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Marius PetipaThe Emperor's Ballet Master$
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Nadine Meisner

Print publication date: 2019

Print ISBN-13: 9780190659295

Published to Oxford Scholarship Online: May 2019

DOI: 10.1093/oso/9780190659295.001.0001

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PRINTED FROM OXFORD SCHOLARSHIP ONLINE (oxford.universitypressscholarship.com). (c) Copyright Oxford University Press, 2021. All Rights Reserved. An individual user may print out a PDF of a single chapter of a monograph in OSO for personal use. date: 16 October 2021

At Home and at Work

At Home and at Work

(p.159) 7 At Home and at Work
Marius Petipa

Nadine Meisner

Oxford University Press

After a description of Petipa’s home life and six children with his new partner, Liubov Savitskaya, chapter 7 continues the previous chapter’s subject of Petipa’s aesthetic. It examines his working methods, his dance language, the importance of the ballerina’s variation and her primacy in nineteenth-century ballet, to the point that women sometimes appeared en travesti. Petipa’s principal ballerina in the 1870s was Ekaterina Vazem, made prominent not only by her own talent, but by the decision not to invite foreign ballerinas. Although less important than the ballerina, the male dancer in Russia enjoyed more prominence than in the West. Even so, he was treated differently: where ballerinas fused the two components of dance and mime, for men they were often separated, the performer specializing in one or the other. Among the ballets, Mlada and its influence on La Bayadère are considered in detail. The chapter ends with Petipa’s ballet, Night and Day, for the coronation of Alexander III, following the assassination of Alexander II.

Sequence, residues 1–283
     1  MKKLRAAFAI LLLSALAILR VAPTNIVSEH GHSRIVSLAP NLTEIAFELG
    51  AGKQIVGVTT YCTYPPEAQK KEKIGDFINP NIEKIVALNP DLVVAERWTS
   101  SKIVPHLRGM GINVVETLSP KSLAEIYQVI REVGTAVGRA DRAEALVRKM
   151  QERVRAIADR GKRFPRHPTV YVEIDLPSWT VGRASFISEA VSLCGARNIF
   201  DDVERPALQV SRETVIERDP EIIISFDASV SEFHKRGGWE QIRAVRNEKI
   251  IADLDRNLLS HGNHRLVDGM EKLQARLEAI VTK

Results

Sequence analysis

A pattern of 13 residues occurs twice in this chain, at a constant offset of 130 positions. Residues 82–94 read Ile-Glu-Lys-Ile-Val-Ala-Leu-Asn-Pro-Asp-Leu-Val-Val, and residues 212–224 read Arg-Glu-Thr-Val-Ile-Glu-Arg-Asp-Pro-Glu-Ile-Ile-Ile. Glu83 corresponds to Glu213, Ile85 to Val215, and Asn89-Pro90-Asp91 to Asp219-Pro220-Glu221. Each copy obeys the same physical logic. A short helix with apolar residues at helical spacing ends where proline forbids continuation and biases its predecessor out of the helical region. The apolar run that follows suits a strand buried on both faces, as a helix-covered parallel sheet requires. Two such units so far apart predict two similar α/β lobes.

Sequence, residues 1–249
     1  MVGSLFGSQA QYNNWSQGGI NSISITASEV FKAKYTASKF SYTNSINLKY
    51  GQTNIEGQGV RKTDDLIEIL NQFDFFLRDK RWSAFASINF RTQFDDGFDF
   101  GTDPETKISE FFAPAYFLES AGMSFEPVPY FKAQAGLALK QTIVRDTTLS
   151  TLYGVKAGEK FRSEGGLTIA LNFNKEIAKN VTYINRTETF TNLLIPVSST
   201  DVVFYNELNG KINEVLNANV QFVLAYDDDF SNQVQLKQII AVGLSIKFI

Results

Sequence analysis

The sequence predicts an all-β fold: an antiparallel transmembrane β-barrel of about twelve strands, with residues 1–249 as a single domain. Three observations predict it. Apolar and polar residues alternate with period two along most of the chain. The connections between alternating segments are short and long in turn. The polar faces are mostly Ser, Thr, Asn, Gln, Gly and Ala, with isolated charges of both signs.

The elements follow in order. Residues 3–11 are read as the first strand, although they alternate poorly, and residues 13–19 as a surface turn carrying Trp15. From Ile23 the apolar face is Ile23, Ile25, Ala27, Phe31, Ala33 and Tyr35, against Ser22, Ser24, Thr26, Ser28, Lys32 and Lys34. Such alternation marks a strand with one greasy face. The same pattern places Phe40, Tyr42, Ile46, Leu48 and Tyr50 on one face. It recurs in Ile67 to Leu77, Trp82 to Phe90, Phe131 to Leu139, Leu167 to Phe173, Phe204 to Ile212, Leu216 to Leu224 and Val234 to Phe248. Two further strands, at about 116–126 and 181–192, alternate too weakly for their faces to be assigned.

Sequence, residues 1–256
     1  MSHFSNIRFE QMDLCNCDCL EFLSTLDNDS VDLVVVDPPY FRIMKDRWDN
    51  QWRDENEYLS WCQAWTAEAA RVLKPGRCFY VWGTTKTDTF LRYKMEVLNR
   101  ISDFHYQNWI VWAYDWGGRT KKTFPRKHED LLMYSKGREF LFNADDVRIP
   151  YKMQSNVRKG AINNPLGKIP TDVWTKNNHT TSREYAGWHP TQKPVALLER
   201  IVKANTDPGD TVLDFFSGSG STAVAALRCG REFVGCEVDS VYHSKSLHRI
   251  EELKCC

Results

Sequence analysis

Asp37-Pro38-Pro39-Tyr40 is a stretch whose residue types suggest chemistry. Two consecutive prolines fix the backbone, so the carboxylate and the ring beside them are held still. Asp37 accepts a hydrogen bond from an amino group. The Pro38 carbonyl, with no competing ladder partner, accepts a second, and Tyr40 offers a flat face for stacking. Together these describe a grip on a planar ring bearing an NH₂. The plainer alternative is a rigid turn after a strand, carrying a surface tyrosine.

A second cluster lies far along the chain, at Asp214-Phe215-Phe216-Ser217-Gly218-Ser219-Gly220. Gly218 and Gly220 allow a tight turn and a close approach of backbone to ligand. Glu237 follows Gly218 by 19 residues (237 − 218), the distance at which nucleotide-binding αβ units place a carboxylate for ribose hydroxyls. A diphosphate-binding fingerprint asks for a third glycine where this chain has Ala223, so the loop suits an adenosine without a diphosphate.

Keywords:   Alexander II, primacy of the ballerina, choreographic language, the classical variation, the male dancer, Ekaterina Vazem, Mlada, La Bayadère

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